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Doctor Fights Cervical Cancer in Developing Countries

Kay Taylor's nonprofit screens women for HPV

Women in Kapenguria, Kenya, wait to be screened during a 'Prevention International: No Cervical Cancer' training campaign.
Women in Kapenguria, Kenya, wait to be screened during a 'Prevention International: No Cervical Cancer' training campaign.

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Cervical cancer is the second deadliest cancer - after breast cancer - among women in developing countries. Eight hundred women die of cervical cancer every day, nearly 300,000 each year worldwide.

California gynecologist Kay Taylor is out to change those numbers. She's already saved thousands of women in Latin America, Africa and India.

Six years ago, Taylor gave up a successful medical practice in the San Francisco Bay Area to start the non-profit organization Prevention International: No Cervical Cancer. PINCC, pronounced “pink,” operates out of Taylor’s house in Oakland, California.

The bedrooms have been converted to office space and her living room is overflowing with medical supplies and equipment.

Dr. Kay Taylor gave up a successful California medical practice to fight against cervical cancer in developing countries.
Dr. Kay Taylor gave up a successful California medical practice to fight against cervical cancer in developing countries.

Screening women

Taylor is getting ready for her next visit to Africa, where she and a medical team will visit rural villages in Uganda and Kenya to screen hundreds of women for the human papilloma virus. HPV, the most common sexually transmitted disease, has been linked to the development of cervical cancer.

Taylor first realized the magnitude of the problem during a visit to assist abused women in Honduras in 2003.

“I found three cases of cervical cancer in that two-week visit. I’d seen three cases of cervical cancer in my 25-year practice, so I was stunned," she says. "And I started to do some research and discovered that it is so high in these countries, just as if they hadn’t invented the Pap smear, which is what we use to control it here.”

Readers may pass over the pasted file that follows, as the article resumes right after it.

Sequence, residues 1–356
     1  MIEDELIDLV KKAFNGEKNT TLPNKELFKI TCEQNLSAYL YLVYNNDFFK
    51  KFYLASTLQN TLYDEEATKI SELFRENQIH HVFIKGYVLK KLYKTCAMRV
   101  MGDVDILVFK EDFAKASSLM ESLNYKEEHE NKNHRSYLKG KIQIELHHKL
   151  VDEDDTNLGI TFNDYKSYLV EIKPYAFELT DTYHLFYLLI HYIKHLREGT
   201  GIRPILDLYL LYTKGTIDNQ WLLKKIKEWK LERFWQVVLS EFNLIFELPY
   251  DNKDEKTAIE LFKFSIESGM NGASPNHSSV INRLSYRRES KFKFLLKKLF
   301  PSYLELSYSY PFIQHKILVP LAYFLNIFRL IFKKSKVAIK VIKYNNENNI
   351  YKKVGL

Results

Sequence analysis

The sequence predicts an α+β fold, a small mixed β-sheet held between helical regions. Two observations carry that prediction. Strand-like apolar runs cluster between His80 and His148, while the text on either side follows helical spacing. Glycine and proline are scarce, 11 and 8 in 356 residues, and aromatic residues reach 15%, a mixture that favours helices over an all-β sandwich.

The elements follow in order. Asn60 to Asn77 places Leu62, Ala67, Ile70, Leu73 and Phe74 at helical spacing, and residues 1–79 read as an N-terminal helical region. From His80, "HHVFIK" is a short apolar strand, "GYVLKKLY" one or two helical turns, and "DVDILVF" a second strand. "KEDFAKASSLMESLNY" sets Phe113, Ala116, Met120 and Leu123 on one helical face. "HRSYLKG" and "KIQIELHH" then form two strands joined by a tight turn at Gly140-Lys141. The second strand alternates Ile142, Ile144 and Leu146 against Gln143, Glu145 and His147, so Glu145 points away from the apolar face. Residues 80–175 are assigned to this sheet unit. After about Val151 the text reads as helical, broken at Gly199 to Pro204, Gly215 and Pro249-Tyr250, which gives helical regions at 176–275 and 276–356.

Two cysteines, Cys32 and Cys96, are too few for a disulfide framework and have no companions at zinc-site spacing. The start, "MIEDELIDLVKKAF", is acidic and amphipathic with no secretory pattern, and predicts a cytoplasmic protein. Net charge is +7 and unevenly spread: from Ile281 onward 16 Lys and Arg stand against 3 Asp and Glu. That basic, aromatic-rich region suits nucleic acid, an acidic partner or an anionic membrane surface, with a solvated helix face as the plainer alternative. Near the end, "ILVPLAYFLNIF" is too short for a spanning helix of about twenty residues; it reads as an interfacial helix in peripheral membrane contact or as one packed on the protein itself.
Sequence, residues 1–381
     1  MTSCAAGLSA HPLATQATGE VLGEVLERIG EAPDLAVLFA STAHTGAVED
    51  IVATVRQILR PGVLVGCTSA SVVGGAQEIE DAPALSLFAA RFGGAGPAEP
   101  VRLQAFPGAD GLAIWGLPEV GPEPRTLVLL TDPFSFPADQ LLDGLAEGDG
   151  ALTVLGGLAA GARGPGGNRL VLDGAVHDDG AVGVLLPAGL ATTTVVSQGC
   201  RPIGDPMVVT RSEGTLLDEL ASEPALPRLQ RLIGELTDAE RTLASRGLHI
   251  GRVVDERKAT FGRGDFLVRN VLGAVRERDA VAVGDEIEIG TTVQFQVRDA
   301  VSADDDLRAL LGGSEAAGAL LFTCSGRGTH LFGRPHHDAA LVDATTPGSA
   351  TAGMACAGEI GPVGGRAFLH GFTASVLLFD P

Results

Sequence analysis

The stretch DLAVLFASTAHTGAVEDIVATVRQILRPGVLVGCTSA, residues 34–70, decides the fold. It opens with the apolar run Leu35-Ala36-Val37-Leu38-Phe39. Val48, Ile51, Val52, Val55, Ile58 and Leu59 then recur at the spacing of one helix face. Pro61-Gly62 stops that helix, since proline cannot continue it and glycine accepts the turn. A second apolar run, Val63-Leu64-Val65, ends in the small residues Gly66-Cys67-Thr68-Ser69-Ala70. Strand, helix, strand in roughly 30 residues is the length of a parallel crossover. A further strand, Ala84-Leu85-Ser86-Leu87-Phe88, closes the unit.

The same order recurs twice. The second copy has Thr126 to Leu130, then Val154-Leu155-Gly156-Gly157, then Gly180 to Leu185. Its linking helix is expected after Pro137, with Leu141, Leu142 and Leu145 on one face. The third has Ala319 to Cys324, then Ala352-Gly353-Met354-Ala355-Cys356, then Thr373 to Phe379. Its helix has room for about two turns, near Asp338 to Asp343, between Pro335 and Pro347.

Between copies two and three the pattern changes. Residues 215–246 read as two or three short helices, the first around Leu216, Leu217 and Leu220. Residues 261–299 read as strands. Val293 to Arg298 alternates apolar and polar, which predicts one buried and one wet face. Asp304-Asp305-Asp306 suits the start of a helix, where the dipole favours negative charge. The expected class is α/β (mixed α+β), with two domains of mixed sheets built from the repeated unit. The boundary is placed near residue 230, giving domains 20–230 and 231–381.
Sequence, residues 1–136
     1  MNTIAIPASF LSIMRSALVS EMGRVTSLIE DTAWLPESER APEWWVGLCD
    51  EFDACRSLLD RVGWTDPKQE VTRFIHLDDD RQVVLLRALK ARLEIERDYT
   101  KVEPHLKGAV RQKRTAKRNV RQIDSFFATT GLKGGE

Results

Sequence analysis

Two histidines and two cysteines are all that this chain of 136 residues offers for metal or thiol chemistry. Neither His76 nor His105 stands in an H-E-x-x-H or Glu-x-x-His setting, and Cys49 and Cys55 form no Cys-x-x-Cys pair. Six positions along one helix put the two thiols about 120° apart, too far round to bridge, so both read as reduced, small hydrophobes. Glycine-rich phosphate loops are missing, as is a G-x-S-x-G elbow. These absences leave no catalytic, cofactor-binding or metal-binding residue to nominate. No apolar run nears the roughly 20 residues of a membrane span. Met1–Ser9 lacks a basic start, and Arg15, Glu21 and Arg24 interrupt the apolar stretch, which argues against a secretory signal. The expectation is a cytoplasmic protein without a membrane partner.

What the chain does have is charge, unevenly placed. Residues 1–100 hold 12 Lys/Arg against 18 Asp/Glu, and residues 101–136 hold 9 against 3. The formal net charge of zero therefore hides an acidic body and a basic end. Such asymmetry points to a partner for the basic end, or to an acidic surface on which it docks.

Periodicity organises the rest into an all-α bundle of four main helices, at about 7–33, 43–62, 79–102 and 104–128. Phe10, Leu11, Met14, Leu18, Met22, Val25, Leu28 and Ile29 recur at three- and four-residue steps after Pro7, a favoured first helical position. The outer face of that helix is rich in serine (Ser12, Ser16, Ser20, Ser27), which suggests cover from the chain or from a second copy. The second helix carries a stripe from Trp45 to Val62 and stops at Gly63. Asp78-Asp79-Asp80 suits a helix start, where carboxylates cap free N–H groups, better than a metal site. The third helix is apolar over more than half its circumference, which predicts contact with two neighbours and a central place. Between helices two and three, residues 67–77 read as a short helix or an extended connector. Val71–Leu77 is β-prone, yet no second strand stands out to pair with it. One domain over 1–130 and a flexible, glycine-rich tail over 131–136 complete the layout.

By examining cells from a woman's cervix on a Pap smear, HPV infections can be quickly identified and treated. But for most poor women in developing countries, these exams are often inaccessible and unaffordable. Taylor was determined to find a cost-effective way to bring free medical care to these women.

See and treat

“I remember sitting in my office doing a screening for the abnormal cells and treating this woman and thinking, 'You know, I could put all this equipment in a suitcase and I could take it there and teach doctors and nurses to do this new method that had just been discovered and proven and which allows us to see and treat the condition in one visit.' And that was sort of my 'aha' moment. This wonderful method has now been discovered. It can be used in these countries and taught and doesn’t cost a lot of money. Why not go there and teach it?”

On a visit to Kenya two years ago, Taylor taught local doctors and nurses the so-called ‘see and treat’ technique - screening a woman for HPV, doing a biopsy, and removing cancerous cells - in a single visit to the clinic.

Dr. Art Levit, (left) a PINCC volunteer, supervises doctors during an examination in Jalapa, Nicaragua.
Dr. Art Levit, (left) a PINCC volunteer, supervises doctors during an examination in Jalapa, Nicaragua.

“We go to give training and equipment and establish a sustainable program that will continue to give this service after we’re gone. You can’t learn this in a few days. I didn’t learn it in a few days," she says. "I learned it in a few years as a gynecologist-resident. So it takes time and experience and proctoring. We go back every six months until the groups are well trained, confident and competent.”

Expanding the program

Nurse practitioner Cheryl Brown is getting final instructions from PINCC staff before leaving for Uganda with Taylor. Like most team members, Brown is a volunteer, who has paid her own way to Latin America for medical site visits. This will be her third trip with PINCC and her first to Africa.

“Many of us, as volunteers, are returnees," Brown says. "It’s so inspirational to be able to see how effective the technique is and how enthusiastic the trainees are about learning the technique and then employing it themselves when we’re not there.”

Since its first visit to Honduras in 2005, PINCC has expanded its program to seven countries. Taylor and her teams have set up 30 medical sites which screen and treat thousands of women annually.

Six more sites will open in 2012. PINCC volunteers now travel six times a year - to Africa, Latin America, and India - treating an average of 2,500 women per visit.

Taylor estimates that, overall, PINCC has touched the lives of 50,000 women, yet she feels the need to do more.

“That’s what happens every time I go on one of these trips. I get tired and so on. I’m no youngster. I’m 68 almost," she says. "But every time I go, it stimulates me to want to keep going and come back and open new programs because I see these women whose lives are saved. They could have died if it weren’t for us.”

Cervical cancer is still far from being conquered. Taylor notes that vaccines are being developed and may become available - and affordable - in 25 years.

And she has another goal where the disease is concerned; she hopes she'll be around to see cervical cancer wiped out for good.

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